Birthmarks are as they are described – marks that present at birth or soon afterwards. There are different types of birthmarks and most are harmless and can fade on their own and disappear however not all do. Those that don’t fade with time include café au lait spots, port-wine stains and sometimes strawberry marks. They are usually harmless however may cause concerns about the aesthetics of the skin for some and these can be treated.
Cafe-au-lait spots are light or dark brown patches that can be anywhere on the body and are very common. They can be different sizes and shapes and can look darker on dark skin.
Port wine stains are made of dilated blood capillaries and appear flat and purple to red in colour. They occur most often on the face and may vary in size. Port-wine stains often are permanent however can be treated.
Strawberry marks are blood vessels that form a raised red lump on the skin. They usually look red on light and dark skin although can sometimes appear under the skin, making it look blue or purple.
Campbell de Morgan spots
Also known as red moles, cherry angiomas, or senile angiomas, Campbell de Morgan spots are common skin growths that appear most often on the torso, arms, legs, and shoulders but can develop on most areas of the body. The term senile angiomas refers to the fact that there appears to be a link between these spots and age and are usually found on people aged 30 and older and the number of spots can also increase with age.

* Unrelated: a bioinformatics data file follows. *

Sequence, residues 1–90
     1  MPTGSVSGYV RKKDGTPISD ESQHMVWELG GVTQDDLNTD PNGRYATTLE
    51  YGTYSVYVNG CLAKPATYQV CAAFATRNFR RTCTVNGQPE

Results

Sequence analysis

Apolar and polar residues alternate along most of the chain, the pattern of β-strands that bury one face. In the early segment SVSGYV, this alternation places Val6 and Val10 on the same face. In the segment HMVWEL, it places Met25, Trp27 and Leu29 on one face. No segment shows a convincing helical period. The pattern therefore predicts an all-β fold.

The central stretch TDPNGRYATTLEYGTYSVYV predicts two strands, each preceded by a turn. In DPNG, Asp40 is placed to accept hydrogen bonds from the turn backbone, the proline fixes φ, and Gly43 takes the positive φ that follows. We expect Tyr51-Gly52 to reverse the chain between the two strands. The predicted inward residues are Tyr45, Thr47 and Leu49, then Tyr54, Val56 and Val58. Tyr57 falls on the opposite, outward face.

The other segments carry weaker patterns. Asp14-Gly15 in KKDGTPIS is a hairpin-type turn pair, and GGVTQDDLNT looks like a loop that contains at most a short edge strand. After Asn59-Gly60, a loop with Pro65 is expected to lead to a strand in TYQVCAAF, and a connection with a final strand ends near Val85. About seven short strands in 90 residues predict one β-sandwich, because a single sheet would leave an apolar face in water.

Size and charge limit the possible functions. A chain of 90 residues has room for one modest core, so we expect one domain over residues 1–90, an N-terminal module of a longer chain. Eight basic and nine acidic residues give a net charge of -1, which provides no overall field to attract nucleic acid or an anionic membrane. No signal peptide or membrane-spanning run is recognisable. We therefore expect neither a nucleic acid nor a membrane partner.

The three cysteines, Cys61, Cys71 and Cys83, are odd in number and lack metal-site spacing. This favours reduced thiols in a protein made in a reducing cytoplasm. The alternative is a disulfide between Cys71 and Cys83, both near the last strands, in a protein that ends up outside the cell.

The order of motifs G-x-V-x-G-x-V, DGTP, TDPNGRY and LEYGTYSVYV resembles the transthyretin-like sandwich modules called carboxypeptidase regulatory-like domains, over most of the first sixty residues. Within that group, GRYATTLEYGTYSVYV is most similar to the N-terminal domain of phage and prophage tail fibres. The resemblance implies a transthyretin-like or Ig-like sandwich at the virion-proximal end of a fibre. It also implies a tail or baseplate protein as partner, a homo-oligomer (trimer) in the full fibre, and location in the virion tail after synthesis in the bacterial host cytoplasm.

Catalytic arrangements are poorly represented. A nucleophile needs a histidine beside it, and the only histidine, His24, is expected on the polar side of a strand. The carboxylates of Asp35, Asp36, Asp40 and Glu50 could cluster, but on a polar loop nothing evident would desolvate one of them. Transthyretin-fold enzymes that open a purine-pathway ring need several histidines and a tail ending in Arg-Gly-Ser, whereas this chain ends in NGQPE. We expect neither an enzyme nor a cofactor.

Campbell de Morgan spots are bright red in colour, are circular or oval in shape, and can either appear smooth and even with the skin or slightly raised. They are formed by multiplying, dilated capillaries and postcapillary venultes and it’s the collection of small blood vessels that give them a reddish appearance. Genetics may make some people more predisposed to getting these spots.
This type of skin growth is typically not a cause for concern. Bleeding can occur if the angioma is scratched, rubbed, or cut open. If it bleeds often or changes in size, shape, or colour you should see your doctor. If the growth is in an area that is easily bumped, it could lead to regular bleeding and removal may be required.
Campbell de Morgan spots won’t go away on their own but if it causes concern for aesthetic reasons, laser may be a consideration for removal.
Skin pores are tiny openings in the skin that function to release perspiration and oil to cool and condition the body. With up to half a million pores per square centimetre on the skin’s surface, the excessive or increased flow of sweat and oil can over stretch the elasticity of the pore, resulting in the appearance of multiple enlarged pores. Pores can become so enlarged that they can create unattractive craters.
Increased sebaceous activity produced during puberty stimulates oil flow particularly on the nose, forehead and chin areas (the T-Zone). Whilst these are traditionally the most common areas for enlarged pores, they can occur anywhere on the body on all skin types and conditions.
Enlarged pores can be seen at all ages and in all ethnic groups and can often appear larger with age. Certain ethnic groups may have larger pores, particularly those of African and Indian ancestry.
Factors that may lead to enlarged pores include: